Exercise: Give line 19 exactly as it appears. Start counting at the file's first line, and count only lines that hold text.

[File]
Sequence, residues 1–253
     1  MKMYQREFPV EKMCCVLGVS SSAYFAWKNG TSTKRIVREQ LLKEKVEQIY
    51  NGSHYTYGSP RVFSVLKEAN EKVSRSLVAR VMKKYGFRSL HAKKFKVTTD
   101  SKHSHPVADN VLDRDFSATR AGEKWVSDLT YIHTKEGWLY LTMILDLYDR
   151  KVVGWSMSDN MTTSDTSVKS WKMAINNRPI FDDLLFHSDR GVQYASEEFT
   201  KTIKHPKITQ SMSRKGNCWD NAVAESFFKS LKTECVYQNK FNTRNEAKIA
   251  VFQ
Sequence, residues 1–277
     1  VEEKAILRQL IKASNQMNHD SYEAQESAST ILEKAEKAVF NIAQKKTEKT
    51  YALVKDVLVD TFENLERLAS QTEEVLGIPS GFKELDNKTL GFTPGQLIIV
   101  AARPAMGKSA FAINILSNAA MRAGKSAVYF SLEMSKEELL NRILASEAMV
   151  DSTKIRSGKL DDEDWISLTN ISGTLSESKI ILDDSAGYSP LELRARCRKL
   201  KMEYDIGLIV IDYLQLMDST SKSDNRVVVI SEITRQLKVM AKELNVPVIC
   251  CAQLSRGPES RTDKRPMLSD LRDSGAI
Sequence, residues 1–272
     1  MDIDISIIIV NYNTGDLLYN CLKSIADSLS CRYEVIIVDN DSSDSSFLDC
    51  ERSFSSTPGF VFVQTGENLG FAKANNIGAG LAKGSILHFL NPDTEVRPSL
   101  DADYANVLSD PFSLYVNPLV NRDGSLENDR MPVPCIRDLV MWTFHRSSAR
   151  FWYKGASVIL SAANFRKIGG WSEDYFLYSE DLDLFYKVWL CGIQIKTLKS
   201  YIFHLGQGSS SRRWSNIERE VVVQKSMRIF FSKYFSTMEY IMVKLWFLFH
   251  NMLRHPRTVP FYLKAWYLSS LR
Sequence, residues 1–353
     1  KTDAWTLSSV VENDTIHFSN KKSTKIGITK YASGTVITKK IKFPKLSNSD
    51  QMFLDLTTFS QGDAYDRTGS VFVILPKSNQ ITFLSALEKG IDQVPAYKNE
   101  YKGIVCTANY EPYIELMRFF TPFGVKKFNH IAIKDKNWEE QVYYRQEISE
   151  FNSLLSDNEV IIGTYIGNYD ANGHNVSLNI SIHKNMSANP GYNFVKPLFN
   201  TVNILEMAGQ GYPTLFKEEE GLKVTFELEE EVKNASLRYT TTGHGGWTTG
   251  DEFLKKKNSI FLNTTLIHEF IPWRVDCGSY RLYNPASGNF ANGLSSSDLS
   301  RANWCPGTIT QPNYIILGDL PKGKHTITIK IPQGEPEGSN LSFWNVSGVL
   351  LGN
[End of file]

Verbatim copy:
   151  FWYKGASVIL SAANFRKIGG WSEDYFLYSE DLDLFYKVWL CGIQIKTLKS